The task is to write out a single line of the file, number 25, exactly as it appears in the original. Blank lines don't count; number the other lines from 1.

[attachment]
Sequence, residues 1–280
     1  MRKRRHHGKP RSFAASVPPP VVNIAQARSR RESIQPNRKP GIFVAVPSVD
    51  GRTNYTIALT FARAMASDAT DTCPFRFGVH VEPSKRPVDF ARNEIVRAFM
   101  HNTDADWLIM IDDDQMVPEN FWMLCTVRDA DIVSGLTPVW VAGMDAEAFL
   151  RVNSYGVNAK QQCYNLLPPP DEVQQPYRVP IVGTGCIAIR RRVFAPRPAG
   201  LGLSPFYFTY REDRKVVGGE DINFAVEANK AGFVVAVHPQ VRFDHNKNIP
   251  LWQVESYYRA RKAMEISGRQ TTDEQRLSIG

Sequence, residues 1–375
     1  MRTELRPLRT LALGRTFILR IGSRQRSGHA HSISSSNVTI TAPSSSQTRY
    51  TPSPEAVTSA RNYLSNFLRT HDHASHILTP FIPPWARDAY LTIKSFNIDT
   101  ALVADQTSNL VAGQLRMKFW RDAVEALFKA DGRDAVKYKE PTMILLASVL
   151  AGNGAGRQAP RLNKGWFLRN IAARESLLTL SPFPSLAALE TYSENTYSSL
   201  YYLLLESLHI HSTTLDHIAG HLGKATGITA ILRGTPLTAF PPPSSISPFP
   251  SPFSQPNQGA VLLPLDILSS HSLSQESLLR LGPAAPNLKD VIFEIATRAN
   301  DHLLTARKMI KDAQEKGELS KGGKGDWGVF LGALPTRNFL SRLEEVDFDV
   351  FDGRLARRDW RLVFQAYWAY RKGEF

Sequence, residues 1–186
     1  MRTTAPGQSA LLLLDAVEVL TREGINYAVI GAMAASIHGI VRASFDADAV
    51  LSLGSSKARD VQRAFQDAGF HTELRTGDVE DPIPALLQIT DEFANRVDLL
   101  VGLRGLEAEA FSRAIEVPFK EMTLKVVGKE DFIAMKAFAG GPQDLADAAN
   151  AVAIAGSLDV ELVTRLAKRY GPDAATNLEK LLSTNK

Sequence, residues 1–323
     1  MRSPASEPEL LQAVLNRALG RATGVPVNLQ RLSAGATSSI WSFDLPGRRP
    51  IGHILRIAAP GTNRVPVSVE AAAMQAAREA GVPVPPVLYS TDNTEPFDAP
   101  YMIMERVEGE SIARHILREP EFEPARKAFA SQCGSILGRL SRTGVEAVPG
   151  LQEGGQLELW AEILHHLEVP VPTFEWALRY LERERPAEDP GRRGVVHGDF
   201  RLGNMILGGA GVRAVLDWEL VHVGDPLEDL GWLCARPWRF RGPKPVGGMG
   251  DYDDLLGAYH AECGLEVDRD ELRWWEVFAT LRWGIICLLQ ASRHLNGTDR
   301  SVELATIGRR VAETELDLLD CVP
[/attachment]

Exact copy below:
   101  YMIMERVEGE SIARHILREP EFEPARKAFA SQCGSILGRL SRTGVEAVPG